Ponzi, A. Input dependent cell assembly dynamics in an inhibitory spiking network model, Neuro2010, Kobe, Japan, Sep 3, 2010
Ponzi, A. Stimulus dependent population dynamics in a striatal spiking network model, Neuroinformatics 2010, Kobe, Japan, Aug 30, 2010
Ponzi, A. Input dependent population dynamics in a model of the inhibitory spiking network of medium spiny neurons in the striatum, Gaba Signalling and Brain Networks, Amsterdam, The Netherlands., Jun 30, 2010
Ponzi, A. Cell assembly dynamics in a spiking model of the striatal MSN network, OIST Junior Researcher Retreat, Okinawa, Japan, Oct 28, 2010
Ponzi, A. Input dependent cell assembly dynamics in an inhibitory spiking network model, Brain Corporation, San Diego, USA Nov 10, 2010
Ponzi, A. Investigation of Striatal Network Dynamics by Computational Modeling, IBAGS Tenth Triennial Meeting, New Jersey, USA., Jun 20, 2010
Nakano, T., Yoshimoto, J., Wickens, J. R. & Doya, K. Multi-level simulation of corticostriatal synaptic plasticity depending on input timing, The 40th Annual Meeting of the Society for Neuroscience, San Diego, USA, Nov 14, 2010
Nakano, T., Yoshimoto, J., Wickens, J. R. & Doya, K. Electrophysiological and molecular mechanisms of synaptic plasticity in the striatum, Neuro2010, Kobe, Japan, Sep 2-4, 2010
Nakano, T., Yoshimoto, J., Wickens, J. R. & Doya, K. Electrophysiological and molecular mechanisms of synaptic plasticity in the striatum: multi-scale simulation of molecule and cell., Neuroinformatics 2010, Kobe, Japan, Aug 30-Sep 1, 2010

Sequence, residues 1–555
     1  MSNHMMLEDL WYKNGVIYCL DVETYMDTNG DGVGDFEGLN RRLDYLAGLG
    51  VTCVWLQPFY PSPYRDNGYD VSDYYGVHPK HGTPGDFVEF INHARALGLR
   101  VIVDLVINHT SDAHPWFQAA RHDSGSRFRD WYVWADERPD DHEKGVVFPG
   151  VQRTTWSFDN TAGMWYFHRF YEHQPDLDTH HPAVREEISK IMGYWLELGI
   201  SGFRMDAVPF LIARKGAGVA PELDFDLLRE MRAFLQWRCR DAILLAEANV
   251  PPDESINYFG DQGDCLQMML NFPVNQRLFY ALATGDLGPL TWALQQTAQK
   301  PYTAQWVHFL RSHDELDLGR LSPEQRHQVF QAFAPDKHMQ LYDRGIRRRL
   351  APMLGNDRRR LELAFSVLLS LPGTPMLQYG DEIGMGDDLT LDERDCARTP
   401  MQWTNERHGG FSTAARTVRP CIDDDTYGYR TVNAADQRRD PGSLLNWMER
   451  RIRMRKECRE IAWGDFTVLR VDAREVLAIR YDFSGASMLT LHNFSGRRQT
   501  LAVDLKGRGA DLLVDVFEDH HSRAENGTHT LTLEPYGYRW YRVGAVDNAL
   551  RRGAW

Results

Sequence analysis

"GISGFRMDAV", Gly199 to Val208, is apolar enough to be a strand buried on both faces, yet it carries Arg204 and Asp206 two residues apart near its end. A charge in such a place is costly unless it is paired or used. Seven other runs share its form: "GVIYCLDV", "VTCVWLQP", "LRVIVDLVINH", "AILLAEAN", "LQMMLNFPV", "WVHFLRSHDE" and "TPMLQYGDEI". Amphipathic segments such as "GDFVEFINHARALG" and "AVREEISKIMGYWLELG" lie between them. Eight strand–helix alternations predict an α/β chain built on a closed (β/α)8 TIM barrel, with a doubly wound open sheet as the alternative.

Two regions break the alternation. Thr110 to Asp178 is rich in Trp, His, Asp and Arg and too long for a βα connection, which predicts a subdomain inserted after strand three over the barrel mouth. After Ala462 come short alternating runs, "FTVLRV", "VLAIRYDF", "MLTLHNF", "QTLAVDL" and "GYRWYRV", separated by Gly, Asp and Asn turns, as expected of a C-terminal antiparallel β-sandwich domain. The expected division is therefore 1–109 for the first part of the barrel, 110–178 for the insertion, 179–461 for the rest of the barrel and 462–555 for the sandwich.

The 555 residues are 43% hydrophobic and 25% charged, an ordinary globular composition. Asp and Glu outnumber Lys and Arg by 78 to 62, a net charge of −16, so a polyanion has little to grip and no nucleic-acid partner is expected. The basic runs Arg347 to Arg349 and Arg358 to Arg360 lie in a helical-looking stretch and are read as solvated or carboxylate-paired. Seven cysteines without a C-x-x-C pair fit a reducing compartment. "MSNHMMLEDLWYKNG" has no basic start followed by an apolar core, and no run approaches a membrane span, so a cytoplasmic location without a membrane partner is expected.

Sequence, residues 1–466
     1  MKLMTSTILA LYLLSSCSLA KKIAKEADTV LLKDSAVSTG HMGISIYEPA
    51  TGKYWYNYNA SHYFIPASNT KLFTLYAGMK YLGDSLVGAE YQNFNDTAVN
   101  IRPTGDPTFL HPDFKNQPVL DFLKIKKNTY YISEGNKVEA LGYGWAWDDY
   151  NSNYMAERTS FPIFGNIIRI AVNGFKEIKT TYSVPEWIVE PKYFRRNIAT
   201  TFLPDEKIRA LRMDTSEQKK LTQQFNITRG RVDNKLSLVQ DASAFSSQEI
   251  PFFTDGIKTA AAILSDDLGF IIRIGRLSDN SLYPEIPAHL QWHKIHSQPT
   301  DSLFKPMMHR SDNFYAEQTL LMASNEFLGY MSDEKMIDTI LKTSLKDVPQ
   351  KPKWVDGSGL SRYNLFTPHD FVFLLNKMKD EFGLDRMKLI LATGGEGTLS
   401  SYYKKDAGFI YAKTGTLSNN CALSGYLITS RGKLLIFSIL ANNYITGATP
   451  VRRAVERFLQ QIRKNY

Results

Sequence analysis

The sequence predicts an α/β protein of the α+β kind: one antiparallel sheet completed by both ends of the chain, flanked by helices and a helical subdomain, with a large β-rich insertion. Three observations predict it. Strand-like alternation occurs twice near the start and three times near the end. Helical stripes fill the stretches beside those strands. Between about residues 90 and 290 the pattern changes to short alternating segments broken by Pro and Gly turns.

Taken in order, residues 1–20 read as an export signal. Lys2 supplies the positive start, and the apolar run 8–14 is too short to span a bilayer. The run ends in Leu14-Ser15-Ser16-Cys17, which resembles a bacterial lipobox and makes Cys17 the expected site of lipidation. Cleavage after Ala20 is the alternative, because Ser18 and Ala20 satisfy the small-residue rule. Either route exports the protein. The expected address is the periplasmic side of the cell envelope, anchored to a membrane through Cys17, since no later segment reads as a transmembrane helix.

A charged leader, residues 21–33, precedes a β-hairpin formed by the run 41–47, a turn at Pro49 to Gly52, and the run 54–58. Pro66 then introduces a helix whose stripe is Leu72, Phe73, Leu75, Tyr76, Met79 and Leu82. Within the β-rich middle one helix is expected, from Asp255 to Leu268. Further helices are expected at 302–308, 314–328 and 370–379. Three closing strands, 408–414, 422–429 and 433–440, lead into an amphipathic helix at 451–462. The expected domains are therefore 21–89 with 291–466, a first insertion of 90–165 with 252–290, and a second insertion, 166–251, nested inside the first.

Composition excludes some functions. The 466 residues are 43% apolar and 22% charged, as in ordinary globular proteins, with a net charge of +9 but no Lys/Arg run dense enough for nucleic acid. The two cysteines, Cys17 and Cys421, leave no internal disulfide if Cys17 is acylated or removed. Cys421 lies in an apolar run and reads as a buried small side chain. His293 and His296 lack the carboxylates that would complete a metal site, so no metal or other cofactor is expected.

Aquili, L. & Wickens, J. R. VTA and NAcc neurons' inhibition during reversal learning: a pharmacological and an optogenetic approach, Australian Neuroscience Society, Auckland, New Zealand., Jan 31-Feb 3 2011
5. Intellectual Property Rights and Other Specific AchievementsNothing to report.
6. Meetings and Events
6.1 OIST Seminar
Date: September 9, 2010
Venue: OIST Campus
Speaker: Dr Simon McMullan
Other remarks: Australian School of Advanced Medicine, Macquarie University, Senior Lecturer
6.2 Okinawa Computational Neuroscience Course 2010
Date: June 14-July 1, 2010
Venue: OIST Seaside House, Onna-son, Okinawa
Co-organizers: Dr Erik De Schutter, Dr Kenji Doya, Dr Klaus Stiefel, Dr Jeff Wickens, Okinawa Institute of Science and Technology
Speaker: Invited faculty
Nothing to report.